Although cloud providers like Amazon are linking big data with the public cloud, enterprises rightfully don’t see it that way
Posted taken from David Linthicum | InfoWorld, MAY 03, 2013
Amazon.com CTO Werner Vogels recently made the case for big data computing in the cloud. But what else would you expect him to say?
The points made by Vogels are compelling, including a prediction that demand for big-data analysis is spurring interesting in real-time analytics. Enterprises thus need capacity; to Vogels, this means they need the public cloud — Amazon’s public cloud in particular. Vogels also said we can expect infrastructure like Hadoop to become invisible behind a cloud-provided analytics layer such as (of course) Amazon’s Redshift.
[ Get the skinny on big data with InfoWorld’s “Big Data Analytics Deep Dive” and “Hadoop Deep Dive” — two PDF special reports you won’t find anywhere else. | Stay up on the cloud with InfoWorld’s Cloud Computing Report newsletter. ]
Vogels is half right today, and he could be completely correct in five years.
The reality is that big data is, well, big. Most enterprise have some sort of big data project under way, and they see much the same benefits as Vogels does, such as the move to real-time analytics, including predictive analytics that CIOs believe will add a huge amount of value to what enterprise IT can do.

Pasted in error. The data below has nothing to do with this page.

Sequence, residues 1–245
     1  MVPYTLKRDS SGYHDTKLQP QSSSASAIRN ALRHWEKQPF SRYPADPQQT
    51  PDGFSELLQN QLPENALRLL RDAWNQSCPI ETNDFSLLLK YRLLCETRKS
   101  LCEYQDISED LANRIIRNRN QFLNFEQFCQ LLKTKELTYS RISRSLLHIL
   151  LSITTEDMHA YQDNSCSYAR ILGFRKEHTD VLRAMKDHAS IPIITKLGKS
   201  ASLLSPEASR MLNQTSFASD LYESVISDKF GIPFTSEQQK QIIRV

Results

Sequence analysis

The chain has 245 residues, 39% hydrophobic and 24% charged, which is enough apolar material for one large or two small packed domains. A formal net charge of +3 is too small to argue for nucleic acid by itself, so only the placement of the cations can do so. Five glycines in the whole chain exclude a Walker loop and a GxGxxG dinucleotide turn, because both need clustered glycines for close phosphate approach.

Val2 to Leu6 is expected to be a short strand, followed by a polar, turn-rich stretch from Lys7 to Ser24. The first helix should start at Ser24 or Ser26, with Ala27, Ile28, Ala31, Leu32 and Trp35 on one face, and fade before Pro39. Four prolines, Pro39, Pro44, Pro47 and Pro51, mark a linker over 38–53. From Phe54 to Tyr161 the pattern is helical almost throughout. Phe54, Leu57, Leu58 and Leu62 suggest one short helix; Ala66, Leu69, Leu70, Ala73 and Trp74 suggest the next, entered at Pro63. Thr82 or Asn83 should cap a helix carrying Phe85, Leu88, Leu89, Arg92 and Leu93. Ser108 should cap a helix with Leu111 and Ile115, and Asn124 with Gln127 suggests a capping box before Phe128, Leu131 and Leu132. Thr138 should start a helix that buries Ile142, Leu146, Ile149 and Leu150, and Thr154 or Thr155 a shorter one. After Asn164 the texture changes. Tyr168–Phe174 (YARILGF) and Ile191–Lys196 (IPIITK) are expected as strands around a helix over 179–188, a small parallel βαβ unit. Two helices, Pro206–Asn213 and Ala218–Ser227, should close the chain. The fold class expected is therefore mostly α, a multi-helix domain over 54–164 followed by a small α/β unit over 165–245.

Public cloud computing platforms are indeed compelling. Consider the instant scalability from using auto- and self-provisioning services and from using built-in big data services such as Hadoop. However, in reality, most of what can be called big data today is still very much in the enterprise data center. It may remain there for some time.
The reasons are understandable: The use of local data storage systems means that integration with operational data stores won’t be as much of an issue as it would over an Internet connection. In many instances, using public clouds as the place to store huge amounts of enterprise data seems like a good idea, until you have to ship off the USB drives to the cloud provider and hope they load correctly.
Also, while I think security and compliance are typically solvable problems in public cloud computing, they are easier to work with if the data is local. Moreover, performance is better with local data because you’re not dealing with the latency of sending requests and returning data sets over the open Internet. Finally, hardware and software are cheap these days, and the ROI of putting these systems on public cloud providers versus internal servers is not as persuasive as you might imagine.
Should you discount public clouds as an option for building big data systems? No — for the first generation of big data systems, most enterprises shouldn’t choose the cloud. But that calculus will change over time.